In areas with very cold winters, sites that allow snakes to go deep enough to avoid subfreezing temperatures may be scarce, and available sites are used by many snakes. Communal hibernation is demonstrated particularly well in Western Canada by the western rattlesnake and the common garter snake; hibernating groups of the latter may number in the thousands. Because overwintering sites are often concentrated in particular areas, communal hibernation is sometimes accompanied by migrations of several kilometres between hibernation site and summer habitat.
In Canada, most species of snakes mate in spring shortly after hibernation. Western, prairie and timber rattlesnakes, however, mate in late summer or fall and the female retains sperm over winter; fertilization occurs the following spring. Fertilization in snakes is internal and sperm are transferred into the female by a copulatory organ. Each male has two such organs (hemipenes) housed in the base of the tail. Snakes include egg-laying and live-bearing species. While egg-laying species are more numerous worldwide, the proportion of live-bearing species is higher in cooler environments (e.g., 15 of the species in Canada are live-bearers).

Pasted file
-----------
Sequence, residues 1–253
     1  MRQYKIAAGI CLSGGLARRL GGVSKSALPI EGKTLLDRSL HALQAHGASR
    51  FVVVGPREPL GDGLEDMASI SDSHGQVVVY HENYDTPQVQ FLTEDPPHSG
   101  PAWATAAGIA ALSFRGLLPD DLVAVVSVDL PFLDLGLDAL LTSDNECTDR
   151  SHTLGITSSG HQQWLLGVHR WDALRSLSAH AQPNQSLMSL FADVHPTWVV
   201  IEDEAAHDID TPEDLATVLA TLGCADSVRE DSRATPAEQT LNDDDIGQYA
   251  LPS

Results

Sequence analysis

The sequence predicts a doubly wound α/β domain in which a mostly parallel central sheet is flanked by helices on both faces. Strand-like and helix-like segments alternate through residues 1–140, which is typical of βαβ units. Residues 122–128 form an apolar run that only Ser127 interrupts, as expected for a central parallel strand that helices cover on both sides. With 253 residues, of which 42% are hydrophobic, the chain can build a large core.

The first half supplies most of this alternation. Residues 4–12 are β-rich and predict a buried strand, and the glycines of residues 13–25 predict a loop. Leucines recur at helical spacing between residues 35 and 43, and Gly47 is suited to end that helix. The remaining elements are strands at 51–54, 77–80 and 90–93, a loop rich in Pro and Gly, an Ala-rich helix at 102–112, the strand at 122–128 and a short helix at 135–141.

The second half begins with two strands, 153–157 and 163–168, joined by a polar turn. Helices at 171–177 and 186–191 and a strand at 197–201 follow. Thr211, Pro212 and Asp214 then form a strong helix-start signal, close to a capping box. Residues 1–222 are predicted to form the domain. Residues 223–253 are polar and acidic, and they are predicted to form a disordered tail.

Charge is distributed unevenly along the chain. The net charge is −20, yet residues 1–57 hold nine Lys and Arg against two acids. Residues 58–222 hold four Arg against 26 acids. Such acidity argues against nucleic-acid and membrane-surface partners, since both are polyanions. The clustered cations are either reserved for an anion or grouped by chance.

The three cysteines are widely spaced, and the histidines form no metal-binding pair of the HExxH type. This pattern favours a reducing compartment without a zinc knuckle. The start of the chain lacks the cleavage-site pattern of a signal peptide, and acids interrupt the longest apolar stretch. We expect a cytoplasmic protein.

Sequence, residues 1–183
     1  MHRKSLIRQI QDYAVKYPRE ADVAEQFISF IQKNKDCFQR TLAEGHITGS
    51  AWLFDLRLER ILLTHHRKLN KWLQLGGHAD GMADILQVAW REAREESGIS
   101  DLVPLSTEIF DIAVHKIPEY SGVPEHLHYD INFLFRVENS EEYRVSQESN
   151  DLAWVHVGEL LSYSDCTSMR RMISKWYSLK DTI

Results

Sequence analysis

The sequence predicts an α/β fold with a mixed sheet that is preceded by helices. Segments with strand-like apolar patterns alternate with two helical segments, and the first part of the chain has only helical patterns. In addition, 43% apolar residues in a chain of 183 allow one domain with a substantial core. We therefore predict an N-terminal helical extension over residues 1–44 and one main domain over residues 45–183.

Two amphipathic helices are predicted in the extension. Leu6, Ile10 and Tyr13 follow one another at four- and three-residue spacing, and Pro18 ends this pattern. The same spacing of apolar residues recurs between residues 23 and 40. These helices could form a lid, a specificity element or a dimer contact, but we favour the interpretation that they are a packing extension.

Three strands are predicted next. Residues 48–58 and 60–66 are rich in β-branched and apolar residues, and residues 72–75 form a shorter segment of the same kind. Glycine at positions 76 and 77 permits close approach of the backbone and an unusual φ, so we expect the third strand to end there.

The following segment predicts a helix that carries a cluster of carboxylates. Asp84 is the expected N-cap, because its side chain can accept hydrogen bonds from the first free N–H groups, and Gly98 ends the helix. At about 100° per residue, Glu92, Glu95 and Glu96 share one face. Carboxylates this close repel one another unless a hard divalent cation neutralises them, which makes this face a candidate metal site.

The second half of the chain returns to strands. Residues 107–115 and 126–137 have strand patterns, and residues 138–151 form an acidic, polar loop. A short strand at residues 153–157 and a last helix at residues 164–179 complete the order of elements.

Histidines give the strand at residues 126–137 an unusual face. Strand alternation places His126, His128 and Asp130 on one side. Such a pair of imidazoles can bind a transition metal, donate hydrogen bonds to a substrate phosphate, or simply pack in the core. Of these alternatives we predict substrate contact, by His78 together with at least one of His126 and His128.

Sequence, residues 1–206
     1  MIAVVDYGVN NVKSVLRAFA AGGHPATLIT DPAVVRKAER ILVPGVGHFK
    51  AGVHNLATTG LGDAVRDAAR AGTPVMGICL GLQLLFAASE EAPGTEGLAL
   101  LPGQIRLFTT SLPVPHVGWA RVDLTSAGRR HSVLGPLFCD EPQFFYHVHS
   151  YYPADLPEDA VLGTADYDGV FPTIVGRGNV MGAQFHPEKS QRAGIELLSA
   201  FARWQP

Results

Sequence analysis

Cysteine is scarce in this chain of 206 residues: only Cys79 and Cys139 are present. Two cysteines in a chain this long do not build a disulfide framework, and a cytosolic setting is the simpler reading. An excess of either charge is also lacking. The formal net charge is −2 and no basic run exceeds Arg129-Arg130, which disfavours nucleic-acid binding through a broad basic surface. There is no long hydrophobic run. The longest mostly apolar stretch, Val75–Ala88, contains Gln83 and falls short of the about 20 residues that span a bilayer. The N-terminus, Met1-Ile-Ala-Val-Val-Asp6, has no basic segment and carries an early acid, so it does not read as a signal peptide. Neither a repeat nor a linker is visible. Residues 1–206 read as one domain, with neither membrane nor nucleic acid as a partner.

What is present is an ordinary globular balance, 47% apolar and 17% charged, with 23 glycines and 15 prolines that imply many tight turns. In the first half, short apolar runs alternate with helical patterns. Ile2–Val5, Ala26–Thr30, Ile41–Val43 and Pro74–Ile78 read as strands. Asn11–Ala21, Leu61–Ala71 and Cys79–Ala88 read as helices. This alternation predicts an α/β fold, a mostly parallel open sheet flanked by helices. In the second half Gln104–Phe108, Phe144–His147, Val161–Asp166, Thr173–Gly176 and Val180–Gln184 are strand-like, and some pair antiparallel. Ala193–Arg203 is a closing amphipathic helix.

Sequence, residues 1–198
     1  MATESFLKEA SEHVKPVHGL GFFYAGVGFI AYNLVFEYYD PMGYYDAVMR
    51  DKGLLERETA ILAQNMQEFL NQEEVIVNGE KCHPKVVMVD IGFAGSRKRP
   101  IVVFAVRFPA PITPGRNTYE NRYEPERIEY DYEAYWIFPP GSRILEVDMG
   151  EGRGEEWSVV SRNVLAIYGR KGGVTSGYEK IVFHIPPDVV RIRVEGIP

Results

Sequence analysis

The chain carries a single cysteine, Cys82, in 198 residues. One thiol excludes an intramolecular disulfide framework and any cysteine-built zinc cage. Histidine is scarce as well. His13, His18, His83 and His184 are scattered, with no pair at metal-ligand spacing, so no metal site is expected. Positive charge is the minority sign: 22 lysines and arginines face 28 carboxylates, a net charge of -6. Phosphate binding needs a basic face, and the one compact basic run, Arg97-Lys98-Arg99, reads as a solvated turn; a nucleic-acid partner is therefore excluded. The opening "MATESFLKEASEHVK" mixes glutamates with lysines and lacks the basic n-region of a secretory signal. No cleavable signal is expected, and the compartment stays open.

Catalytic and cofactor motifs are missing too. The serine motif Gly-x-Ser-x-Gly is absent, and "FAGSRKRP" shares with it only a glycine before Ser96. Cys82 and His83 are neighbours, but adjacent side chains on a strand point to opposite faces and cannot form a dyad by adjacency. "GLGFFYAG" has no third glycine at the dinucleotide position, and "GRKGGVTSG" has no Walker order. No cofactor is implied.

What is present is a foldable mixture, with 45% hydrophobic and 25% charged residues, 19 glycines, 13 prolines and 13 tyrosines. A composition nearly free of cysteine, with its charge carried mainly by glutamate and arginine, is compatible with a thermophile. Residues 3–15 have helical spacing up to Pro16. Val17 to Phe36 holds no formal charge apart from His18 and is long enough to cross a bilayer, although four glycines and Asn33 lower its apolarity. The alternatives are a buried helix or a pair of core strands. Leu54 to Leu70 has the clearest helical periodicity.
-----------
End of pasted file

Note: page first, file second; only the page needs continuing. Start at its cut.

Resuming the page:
Live bearing is, presumably, a useful adaptation where summers are short because the female can better regulate the temperature at which the young develop than if eggs were simply laid in the ground. Females may give birth late in summer and be unable to feed enough before hibernation to reproduce again the following summer. Consequently, female snakes at high latitudes may produce a brood only every two or more years (e.g., the western rattlesnake).
In Canadian species, litters or clutches typically range from one to 25 young, although some species may produce larger broods.
Carl H. Ernst and Evelyn E. Ernst, Snakes of the United States and Canada (2003); Harry W. Greene, Snakes: The Evolution of Mystery in Nature (1997); F. Harvey Pough, Robin M. Andrews, John E. Cadle, Martha L. Crump, Alan H. Savitzky, Kentwood D. Wells, Herpetology, 3rd ed (2004); George R. Zug, Laurie J. Vitt and Janalee P. Caldwell, Herpetology: An Introductory Biology of Amphibians and Reptiles, 2nd ed (2001).